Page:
Since the 1980s, the enactment of national patrimony laws implicating major museum institutions, has sought revised definition of the rules of cultural property ownership. The record of lawsuit filed by the countries from where works of patrimony was originally sourced, is extensive. Not surprisingly, one only must review the history of cultural agents sent on expedition by former colonial empires, to understand the vast extent of the request for return of antiquities and other cultural property around the globe. Notwithstanding international rule reform in this area of law, due diligence by those foreign jurisdictions continues to be uneven. Planned giving specialists can gain important insights about the legal and tax effects of cultural property asset transfers for nonprofit charitable giving plans.
The definition of cultural property is distinct from personal or other forms of property assets included within an estate. U.S. federal law recognizes the cultural patrimony of sovereign tribal or foreign nations. This is interpreted based on legal claims of territory, identity, or moral right to work. Origin is considered a “superior claim” within international law; thus superseding “good faith” paid transactions of collectors or museums. More generally, the rights of ownership for registered tangible assets, affords the owner to assert claims on those cultural assets. Issues of cultural property management stand as the primary rationale for withholding rare artefacts and patrimony by foreign institutions.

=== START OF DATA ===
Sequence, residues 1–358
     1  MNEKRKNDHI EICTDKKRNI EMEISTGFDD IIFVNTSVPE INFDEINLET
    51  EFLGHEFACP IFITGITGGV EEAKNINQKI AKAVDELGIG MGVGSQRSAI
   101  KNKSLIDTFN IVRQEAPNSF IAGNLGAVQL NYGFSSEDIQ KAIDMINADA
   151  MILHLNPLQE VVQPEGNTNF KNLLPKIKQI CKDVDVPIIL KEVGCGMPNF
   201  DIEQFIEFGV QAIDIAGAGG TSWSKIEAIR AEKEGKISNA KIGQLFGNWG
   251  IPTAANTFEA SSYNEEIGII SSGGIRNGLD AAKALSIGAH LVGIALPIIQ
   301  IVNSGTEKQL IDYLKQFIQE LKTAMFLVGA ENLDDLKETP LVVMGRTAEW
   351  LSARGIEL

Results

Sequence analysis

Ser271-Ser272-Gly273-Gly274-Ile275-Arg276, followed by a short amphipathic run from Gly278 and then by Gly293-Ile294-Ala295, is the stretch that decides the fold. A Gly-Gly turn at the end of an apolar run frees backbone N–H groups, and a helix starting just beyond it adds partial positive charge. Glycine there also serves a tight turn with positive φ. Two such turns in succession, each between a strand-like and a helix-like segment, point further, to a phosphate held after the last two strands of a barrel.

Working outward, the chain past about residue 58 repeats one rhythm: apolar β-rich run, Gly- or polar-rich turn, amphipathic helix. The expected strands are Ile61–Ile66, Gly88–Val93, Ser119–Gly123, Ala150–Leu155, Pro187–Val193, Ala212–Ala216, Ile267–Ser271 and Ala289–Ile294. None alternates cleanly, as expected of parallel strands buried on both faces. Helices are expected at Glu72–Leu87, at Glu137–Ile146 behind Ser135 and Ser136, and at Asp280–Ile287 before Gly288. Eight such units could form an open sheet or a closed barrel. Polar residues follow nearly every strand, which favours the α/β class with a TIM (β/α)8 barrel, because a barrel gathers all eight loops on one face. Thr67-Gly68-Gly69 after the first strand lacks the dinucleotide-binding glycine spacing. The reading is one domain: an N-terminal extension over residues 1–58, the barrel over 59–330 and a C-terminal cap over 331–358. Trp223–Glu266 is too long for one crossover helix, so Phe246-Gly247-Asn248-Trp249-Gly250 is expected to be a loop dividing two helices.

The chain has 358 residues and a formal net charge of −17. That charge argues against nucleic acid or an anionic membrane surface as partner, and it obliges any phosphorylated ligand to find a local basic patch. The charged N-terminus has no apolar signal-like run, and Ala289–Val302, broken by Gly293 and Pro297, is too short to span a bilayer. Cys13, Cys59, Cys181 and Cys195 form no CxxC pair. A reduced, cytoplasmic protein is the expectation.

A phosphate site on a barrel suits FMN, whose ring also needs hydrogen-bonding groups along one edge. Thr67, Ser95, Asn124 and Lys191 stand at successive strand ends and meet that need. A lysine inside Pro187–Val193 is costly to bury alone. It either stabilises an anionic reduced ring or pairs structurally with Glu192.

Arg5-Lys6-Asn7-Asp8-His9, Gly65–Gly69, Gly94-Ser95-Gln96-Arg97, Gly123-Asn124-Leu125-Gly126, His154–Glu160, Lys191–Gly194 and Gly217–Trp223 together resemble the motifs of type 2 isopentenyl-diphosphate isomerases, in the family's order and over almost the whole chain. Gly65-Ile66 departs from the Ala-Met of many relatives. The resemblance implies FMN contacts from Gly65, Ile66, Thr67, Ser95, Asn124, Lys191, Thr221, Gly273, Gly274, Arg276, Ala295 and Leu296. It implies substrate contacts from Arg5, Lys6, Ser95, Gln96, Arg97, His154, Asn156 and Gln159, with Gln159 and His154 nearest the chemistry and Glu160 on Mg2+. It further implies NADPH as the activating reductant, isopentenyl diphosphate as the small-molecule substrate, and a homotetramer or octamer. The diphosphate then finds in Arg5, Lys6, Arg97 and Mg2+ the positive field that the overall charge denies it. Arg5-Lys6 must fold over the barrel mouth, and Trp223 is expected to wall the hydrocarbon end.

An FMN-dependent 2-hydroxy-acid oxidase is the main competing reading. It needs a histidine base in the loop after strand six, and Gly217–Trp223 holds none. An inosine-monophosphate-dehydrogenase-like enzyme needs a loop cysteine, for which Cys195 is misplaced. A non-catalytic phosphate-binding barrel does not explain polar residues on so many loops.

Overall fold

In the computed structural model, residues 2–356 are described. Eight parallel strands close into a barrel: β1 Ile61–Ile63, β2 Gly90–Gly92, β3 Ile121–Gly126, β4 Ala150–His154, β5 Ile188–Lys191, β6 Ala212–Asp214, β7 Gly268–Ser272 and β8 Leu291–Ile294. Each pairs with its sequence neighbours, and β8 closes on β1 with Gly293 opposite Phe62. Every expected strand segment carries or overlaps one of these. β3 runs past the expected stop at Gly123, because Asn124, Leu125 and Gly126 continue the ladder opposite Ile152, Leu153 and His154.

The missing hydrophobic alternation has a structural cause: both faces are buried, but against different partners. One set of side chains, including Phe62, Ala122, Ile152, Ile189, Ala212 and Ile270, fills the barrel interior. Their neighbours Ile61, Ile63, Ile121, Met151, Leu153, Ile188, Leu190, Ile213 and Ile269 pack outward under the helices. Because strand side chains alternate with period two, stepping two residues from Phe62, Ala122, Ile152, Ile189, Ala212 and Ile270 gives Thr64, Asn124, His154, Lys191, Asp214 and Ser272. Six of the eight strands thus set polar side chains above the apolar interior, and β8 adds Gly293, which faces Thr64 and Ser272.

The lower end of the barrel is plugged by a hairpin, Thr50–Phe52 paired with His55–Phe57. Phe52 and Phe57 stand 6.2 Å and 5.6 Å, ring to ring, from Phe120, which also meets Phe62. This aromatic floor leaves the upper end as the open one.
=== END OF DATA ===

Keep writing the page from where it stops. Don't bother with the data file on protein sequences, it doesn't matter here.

The UNESCO Convention on the Means of Prohibiting and Preventing the Illicit Import, Export or Transfer of Ownership of Cultural Property 1970, and UNIDROIT Convention of 1995, provide rule definition for international cultural property rights laws in 127 signatory nations of the conventions. The UNESCO Act of 1970 integrated within U.S. federal law in the Convention on Cultural Property Implementation Act of 1983 (“CIPA”); is referenced as Public Law 97-446 (19 USC 2601 et seq). Restrictions apply to the cross-border transportation of cultural property assets. The international treaties protect recognized national patrimony from future circulation or trade without the consent of the nation where the cultural property was originally sourced.
The interpretation and integration of international laws by individual national laws, arguably reflects a country’s historical relationship with the cultural property or patrimony at issue within a claim. The most cited reason for the withholding of patrimony by another nation, is institutional asset management. Similarly, asset management is the defense commonly used by a trust subject to a lawsuit by a foreign claimant. An estate planner assisting a client with the formation of a trust for inclusion of cultural property, should determine if those assets are a protected class of cultural patrimony to avoid future legal complications. The specific laws applying to patrimony in the country of origin, to properly address issues of cultural property transfer in correspondence with U.S. laws.
Concerned a family heirloom or stolen cultural property of another nation or tribe? Has the discovery of antiquities during a hike, or while on vacation abroad led to estate headaches later as result of museum or gallery donation? Cultural patrimony lawsuits brought against beneficiary institutions responsible for the accession, preservation, and management of rare cultural objects are increasingly common. Institutions are obliged to deaccession those gifted assets after the death of an estate holder, potentially implicating an estate or trust. Indeed, conflicts over the rightful ownership of cultural property can impact estate planning upfront, or later during probate proceedings. In some circumstances, it is because cultural property is involved. Avoid patrimony disputes by soliciting the advise of an estate attorney or planning specialist experienced in cultural property administration.
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The enactment of U.S. Public Law 97-446 established federal rules correspondent to international U.N. legislation for cultural property estates and the settling of patrimony lawsuits.
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